I’ve been an early adopter of Topaz Denoise, when it was called AI Clear, which was already mind-blowingly efficient, despite a tendency to fatten small details a bit much to my taste. The result was still impressive in term of noise reduction, or should I say, noise removal.
I naturally upgraded to Topaz Denoise AI, which was and still is significantly better at preserving good looking details.
Looking back, one of the thing that was pretty evident with AI Clear is that it performed much better on raw files directly (or leaving the color noise reduction slider to 0 in ACR/LR). The algorithm was probably trained on raw images that included the color noise left by demosaicing. So I was using AI Clear on my raw files, outputing a 8bit TIF or even directly a JPG. This was far from ideal: The noise was gone but so was the raw file editing latitude. Better have you exposure very right in-camera.
When Denoise AI came, it was kind of the opposite, it seemed particularly at ease with pre-processed files out of your favorite raw processing tool, free of color noise and with all your edits baked-in. And although it’s always been possible to directly load a raw file inside Denoise AI (at least my Canon CR2 files, but for those more modern raw files it does not support converting to DNG works just fine), I kind of let go of that workflow and forgot about it.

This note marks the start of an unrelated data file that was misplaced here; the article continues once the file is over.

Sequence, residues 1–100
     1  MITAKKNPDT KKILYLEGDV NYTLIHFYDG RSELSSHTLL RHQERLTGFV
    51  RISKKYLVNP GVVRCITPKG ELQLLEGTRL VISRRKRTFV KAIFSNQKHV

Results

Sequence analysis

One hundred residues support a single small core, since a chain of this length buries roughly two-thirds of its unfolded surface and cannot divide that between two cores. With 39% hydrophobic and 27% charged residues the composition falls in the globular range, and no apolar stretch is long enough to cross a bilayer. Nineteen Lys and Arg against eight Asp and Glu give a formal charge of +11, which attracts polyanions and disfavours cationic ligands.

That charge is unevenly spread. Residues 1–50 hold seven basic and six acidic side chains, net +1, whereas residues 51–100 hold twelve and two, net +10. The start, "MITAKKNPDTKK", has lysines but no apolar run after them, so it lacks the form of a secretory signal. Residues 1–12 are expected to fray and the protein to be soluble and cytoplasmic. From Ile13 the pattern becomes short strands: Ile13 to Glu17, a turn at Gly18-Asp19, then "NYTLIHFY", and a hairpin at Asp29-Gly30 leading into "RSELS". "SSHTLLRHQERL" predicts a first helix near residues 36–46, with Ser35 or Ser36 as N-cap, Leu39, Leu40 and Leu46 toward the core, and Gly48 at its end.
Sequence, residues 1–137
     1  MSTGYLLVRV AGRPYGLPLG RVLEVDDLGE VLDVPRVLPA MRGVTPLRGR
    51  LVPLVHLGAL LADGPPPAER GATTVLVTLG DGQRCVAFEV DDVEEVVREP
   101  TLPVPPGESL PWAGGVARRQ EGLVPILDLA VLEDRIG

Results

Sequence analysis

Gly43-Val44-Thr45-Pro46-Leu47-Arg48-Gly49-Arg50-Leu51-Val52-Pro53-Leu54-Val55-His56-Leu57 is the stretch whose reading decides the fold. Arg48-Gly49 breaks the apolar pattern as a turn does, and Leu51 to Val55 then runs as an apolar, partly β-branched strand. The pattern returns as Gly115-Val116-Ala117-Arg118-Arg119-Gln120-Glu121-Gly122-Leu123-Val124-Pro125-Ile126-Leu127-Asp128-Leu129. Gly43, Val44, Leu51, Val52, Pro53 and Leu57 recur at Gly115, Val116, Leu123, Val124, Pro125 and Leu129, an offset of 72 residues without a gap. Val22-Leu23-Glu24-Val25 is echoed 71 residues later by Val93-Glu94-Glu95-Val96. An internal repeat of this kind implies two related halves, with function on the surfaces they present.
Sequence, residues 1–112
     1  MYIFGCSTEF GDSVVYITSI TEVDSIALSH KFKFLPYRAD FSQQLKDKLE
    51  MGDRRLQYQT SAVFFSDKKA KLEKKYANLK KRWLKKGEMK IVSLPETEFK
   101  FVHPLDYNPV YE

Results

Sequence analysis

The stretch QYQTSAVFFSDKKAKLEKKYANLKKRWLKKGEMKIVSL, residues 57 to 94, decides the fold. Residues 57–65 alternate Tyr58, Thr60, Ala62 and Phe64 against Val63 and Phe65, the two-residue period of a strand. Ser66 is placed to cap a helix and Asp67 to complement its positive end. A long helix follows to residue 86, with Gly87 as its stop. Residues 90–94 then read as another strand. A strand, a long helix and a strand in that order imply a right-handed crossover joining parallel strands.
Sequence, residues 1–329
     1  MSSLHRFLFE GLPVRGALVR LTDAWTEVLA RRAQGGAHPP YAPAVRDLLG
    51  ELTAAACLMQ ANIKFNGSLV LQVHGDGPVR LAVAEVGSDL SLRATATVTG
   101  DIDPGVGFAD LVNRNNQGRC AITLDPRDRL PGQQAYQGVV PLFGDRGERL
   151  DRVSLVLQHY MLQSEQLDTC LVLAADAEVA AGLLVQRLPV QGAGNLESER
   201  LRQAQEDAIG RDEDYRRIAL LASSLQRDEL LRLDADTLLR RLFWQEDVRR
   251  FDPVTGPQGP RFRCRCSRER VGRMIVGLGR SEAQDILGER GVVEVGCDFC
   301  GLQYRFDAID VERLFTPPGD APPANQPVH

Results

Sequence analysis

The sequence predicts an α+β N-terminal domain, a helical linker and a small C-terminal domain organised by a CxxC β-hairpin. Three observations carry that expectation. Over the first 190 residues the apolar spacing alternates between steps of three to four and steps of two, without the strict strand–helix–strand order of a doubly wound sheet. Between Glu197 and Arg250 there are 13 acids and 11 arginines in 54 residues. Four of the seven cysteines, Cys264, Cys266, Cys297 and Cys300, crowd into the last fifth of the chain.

Until now! There’s been a few pictures I took this summer of a kingfisher that, unfortunately, had to be shot in the shade at low shutter speed, higher than would have liked ISO and all that on a non-stabilized lens. The amount of keepers was not great, but I had quite a few anyway.
I decided to give the raws a spin again but this time loading them directly in Denoise AI, then saving a DNG. And I don’t regret doing that. Yes, that’s a lot more space on your hard drive, having the original raw and the denoised DNG, but the result is far better. For the 2 folks eventually reading my blog now and then who are interested in photography, give it a try, you probably won’t be disappointed.
PS: This method has the great advantage also, in my opinion, to get rid of the mushy noise Denoise AI tend to leave in defocused areas of pre-processed raw that have seen their shadows, highlights, contrast, blacks and whites torn appart.
In the end the only downside of denoising the raw to save a DNG before editing, is that you lose you camera color profile presets, so it requires a little more ACR/LR work to recover the “look”. Nothing that represents too much work for you best-best shots.